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Taoiseach tells Europe of urgent need to support farmers

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Leo Varadkar

Leo Varadkar

REUTERS

Leo Varadkar

The Taoiseach has highlighted the need for urgent financial supports for farmers.

In a meeting yesterday to discuss the Covid-19 crisis, the Taoiseach, Leo Varadkar joined fellow leaders, and the ECB President Christine Lagarde.

In his intervention, the Taoiseach joined those calling for a swift and ambitious EU response. He welcomed the Commission’s intention to undertake a sector-by-sector analysis, and highlighted acute difficulties in agriculture resulting from a collapse in exports and prices.

He stressed the need for urgent financial support for farmers under the provisions of the CAP.

Leaders endorsed the package recently agreed by the Eurogroup - worth up to €500 billion - and asked that it be made operational by 1 June.

They also welcomed the Commission’s intention to undertake a sector-by-sector analysis on the economic impact of the crisis so as to better target supports necessary for recovery.

Earlier this week, in an attempt to ease the turmoil on European agricultural commodity markets, the European Commission announced a support package for thousands of tonnes on food to be stored.

The move, however, underwhelmed many in the industry with some even going as far as describing it 'insulting'.

It comes as the outbreak of the coronavirus has wreaked havoc in the food sector with millions of tonnes of food destined for the food service market forced elsewhere, stored or in some cases dumped altogether.

In the beef sector, while sales of mince have surged in retailers by as much as 45pc other more expensive cuts such as steaks destined for restaurants and hotels have had to be frozen and put into storage. Significantly reducing their value and seeing cattle prices slump to a ten year low here.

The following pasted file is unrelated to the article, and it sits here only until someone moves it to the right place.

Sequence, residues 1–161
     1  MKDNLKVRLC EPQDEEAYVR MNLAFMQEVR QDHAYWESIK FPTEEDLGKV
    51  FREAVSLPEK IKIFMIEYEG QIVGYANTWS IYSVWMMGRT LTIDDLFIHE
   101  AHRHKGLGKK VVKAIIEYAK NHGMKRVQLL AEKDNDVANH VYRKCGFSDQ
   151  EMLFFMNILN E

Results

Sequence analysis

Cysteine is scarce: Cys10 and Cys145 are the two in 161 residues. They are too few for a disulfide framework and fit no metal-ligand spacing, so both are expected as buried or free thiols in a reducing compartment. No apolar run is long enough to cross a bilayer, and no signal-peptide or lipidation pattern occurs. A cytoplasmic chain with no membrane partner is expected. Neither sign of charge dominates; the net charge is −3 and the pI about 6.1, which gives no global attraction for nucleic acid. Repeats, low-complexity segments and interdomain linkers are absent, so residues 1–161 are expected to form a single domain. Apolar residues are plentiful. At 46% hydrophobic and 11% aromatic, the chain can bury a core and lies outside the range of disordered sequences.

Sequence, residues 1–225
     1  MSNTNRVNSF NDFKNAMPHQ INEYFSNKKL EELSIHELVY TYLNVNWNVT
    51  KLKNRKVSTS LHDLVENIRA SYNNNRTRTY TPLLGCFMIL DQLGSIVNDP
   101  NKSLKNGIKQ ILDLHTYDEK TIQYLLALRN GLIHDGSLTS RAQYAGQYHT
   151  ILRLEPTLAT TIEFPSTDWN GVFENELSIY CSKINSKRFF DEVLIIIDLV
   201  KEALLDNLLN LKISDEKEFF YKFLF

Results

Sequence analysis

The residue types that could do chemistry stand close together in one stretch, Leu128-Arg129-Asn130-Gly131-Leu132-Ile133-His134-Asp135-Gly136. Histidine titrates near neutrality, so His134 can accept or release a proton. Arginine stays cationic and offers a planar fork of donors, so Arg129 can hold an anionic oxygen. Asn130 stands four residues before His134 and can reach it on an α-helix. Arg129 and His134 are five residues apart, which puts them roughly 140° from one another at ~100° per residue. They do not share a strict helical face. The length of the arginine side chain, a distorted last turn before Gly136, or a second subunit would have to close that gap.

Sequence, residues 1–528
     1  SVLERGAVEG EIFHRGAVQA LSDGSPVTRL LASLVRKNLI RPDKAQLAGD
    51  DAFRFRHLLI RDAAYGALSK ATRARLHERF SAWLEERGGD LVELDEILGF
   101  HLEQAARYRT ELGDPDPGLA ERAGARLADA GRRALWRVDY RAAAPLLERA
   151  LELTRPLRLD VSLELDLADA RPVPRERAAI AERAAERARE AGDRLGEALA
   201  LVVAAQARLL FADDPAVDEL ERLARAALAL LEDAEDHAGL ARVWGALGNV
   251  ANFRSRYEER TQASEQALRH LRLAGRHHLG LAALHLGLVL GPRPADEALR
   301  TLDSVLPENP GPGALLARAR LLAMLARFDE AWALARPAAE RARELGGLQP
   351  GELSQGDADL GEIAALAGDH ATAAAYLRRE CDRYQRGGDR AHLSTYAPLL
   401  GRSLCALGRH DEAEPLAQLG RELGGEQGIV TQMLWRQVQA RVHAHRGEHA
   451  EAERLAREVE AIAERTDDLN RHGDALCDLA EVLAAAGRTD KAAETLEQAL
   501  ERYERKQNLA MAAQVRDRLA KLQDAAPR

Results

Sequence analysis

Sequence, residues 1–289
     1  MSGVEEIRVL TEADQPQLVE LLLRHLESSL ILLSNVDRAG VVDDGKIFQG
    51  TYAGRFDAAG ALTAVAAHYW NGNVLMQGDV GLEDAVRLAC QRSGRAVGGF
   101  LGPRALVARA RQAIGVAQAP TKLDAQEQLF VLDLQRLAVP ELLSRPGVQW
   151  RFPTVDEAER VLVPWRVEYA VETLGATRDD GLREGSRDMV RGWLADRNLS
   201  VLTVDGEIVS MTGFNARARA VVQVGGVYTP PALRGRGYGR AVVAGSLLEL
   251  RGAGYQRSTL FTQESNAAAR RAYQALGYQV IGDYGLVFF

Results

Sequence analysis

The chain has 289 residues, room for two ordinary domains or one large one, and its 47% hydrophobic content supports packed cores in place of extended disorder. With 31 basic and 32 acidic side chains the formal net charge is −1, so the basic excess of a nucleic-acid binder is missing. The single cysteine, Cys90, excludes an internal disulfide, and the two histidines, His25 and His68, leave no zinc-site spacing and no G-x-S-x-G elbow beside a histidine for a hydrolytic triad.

Such was the surge in demand for mince in Britain, Larry Goodman's ABP Group had to resort to importing mince from its Polish plants much to the annoyance for farmers here and in the UK.

In the dairy sector, product destined for the food service sector has also had to be diverted into storage or other markets.

One of Ireland's largest dairy processors Lakeland Diaries based in the border region is a significant supplier of dairy to airlines and has seen the market grind to a halt in recent weeks.

"The food service sector across Europe has suffered near wipe-out following the closure of restaurants, cafes, hotels, while airlines have grounded many planes. Food service is an important route to market for Lakeland Dairies and many dairy processors across Europe.

“Prices for butters, powders and cheeses are under significant down­ward pressure as food service milk is now flooding into powders and butter.

“Closer to home, sales of fresh milk and butter in retail outlets have increased somewhat but this increase has not offset the drop off in sales in the food service market," the company told its milk suppliers this month.

Dairy farmers have seen farmgate milk prices cut by up to 2c/L last month with further cuts likely in the months ahead.

Farmers and many in the agri-food industry have been highly critical of they see as the EU's sluggish response to the crisis.

For weeks, there had been a chorus of calls for immediate action from the agriculture and food industry which received a limited response from the European Commission.

However, over the weekend Minister for Agriculture Michael received unanimous support from his counterparts across Europe for his calls for increased actions.

That move finally saw the commission take action by providing aid to companies to store product in the hope it will be able to sell into a more stable market in the future.

However, with the budget which will be shared across 27 Member States understood to be less than €100m, many fear it will not be sufficient to calm the market.

Online Editors